Disaster avoidance is often used in conjunction with disaster recovery and
business continuity planning. Cloud computing solutions help businesses mitigate
losses during disaster and focuses on prevention rather than reaction. Cloud
computing guarantees companies 100 percent uptime. Full-time IT staff members
are on-call monitoring for potential threats to applications and data hosted
within the cloud. Once a data breach is detected, IT professionals can contain
the breach without any business interruption. Disaster avoidance protects
against sabotage, hacking, data theft and other IT related disasters.
Natural and external disasters are not avoidable. Companies can relocate to
areas to minimize the risk of these events occurring, but these factors are more
difficult to control. Businesses located in New York during the traumatic events
of September 11, 2001 are aware of the inadequacies of business continuity
plans. After the events, businesses were forced to re-evaluate how to prepare
for fast resumption of business even during times of immense crisis such as
Which Topics Should Be Addressed in Disaster Recovery Planning?
Mission critical applications must be identified as a part of any disaster
recovery solution. Mission critical applications will be restored first in
business continuity plans. Applications will be ranked and prioritized according
to what is necessary to keep business operational during disasters. Important
applications include phone lines, virtual PBX systems and customer relationship
management (CRM) applications.
Businesses with virtual PBX systems will be concerned about connectivity. WAN
or LAN connectivity is of major concern during crisis events such as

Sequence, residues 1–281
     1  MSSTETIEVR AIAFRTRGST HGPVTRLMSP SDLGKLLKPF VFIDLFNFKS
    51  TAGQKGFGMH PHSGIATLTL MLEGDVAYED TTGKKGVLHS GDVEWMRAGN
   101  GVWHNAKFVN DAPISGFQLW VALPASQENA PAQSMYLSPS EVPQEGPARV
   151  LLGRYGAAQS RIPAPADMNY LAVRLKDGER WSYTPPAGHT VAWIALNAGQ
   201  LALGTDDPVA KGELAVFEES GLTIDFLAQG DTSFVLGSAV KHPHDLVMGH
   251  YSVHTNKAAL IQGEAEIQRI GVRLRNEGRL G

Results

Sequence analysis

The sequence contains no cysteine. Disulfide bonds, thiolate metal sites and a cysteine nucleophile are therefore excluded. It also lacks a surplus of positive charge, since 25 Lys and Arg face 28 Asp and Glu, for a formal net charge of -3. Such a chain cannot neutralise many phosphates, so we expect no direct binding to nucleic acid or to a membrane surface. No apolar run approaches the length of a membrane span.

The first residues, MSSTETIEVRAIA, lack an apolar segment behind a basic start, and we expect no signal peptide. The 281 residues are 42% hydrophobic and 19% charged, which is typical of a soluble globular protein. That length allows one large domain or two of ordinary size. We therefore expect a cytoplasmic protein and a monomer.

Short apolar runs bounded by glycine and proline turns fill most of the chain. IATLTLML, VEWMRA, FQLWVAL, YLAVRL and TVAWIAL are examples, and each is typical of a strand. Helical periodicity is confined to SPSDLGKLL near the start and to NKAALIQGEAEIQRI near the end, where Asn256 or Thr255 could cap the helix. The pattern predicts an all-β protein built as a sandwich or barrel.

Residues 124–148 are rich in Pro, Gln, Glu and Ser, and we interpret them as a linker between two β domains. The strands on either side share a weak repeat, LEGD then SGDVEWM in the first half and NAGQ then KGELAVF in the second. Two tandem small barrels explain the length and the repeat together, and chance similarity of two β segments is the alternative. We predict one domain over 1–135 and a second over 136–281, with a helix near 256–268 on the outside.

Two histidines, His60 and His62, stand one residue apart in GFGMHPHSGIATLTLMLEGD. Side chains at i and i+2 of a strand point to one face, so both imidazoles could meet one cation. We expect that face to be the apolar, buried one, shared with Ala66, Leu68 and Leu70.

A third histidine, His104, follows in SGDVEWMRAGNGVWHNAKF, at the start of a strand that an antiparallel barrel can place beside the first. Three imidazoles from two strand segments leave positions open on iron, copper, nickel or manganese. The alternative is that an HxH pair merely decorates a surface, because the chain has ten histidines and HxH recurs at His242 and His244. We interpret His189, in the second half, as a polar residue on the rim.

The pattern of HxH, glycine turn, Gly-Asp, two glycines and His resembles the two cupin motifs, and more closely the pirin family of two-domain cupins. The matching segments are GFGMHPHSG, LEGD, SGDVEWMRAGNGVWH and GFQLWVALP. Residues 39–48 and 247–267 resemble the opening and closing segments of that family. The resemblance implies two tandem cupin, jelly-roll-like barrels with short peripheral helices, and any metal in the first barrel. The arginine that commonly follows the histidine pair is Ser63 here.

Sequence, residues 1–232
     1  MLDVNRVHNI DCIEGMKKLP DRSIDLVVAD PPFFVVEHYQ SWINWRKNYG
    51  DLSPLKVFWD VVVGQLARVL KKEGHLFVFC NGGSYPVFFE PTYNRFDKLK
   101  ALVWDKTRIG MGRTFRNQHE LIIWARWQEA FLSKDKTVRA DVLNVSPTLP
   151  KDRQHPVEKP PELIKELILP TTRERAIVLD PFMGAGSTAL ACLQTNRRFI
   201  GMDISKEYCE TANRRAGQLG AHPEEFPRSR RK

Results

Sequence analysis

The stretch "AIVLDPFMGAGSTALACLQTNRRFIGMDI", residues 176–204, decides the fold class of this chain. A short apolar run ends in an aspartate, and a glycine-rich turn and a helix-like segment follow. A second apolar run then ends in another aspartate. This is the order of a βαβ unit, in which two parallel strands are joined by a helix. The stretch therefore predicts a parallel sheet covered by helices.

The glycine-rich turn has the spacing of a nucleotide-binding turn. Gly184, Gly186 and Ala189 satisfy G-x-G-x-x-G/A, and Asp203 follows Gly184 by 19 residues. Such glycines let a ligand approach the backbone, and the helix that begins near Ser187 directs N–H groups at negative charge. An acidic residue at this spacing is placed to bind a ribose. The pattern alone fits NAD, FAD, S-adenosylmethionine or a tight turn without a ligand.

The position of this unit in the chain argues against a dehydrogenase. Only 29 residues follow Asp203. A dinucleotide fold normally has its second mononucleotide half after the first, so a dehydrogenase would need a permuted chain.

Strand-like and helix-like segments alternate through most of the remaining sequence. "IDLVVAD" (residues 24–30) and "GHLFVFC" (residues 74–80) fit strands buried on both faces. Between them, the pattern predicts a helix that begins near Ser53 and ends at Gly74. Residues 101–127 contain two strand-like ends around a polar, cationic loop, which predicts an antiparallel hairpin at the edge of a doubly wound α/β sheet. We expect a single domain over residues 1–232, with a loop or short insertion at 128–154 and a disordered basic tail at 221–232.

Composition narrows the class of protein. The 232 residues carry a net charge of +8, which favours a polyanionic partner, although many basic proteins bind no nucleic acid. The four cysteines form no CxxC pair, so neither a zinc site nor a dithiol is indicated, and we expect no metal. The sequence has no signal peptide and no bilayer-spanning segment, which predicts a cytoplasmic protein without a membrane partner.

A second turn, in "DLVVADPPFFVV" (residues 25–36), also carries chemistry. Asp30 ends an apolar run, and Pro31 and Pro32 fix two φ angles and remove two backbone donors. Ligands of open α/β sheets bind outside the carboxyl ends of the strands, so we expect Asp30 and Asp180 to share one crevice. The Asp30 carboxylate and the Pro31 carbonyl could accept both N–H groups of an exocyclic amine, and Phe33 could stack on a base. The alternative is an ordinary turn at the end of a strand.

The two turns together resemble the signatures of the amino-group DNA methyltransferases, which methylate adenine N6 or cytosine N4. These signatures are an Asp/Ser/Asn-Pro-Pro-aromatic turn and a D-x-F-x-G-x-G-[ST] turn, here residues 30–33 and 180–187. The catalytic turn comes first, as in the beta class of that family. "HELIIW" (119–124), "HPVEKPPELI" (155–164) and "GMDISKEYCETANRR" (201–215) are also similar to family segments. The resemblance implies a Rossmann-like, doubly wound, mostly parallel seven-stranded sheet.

earthquakes, terrorism or floods. If the lines are cut for any reason,
businesses should be prepared to resume business quickly. When WAN or LAN
connectivity is lost, businesses are at a significant disadvantage.
Some businesses prepare by using virtual PBX systems with call forwarding to
cellular phones and applications which are hosted in virtual environments rather
than on local computers or services. Data in virtual environments is easily
accessible and can be accessed from web-based applications. Employees can go to
any computer terminal with Internet access and a web browser to resume business
operations. Business continuity plans often include virtual solutions for this
Data storage of any type is of concern. Business continuity depends upon the
ability of the business to retrieve data fast. Any data required to continue
normal business operations should be included in a virtual environment for easy
access during disaster. Employees must know where to go to or what actions to
perform to ensure efficient business resumption.
recovery is essential to any businesses survival. Planning is recommended to
reduce business interruption times and maintain professionalism during disaster.
Professional business continuity planners can help devise comprehensive plans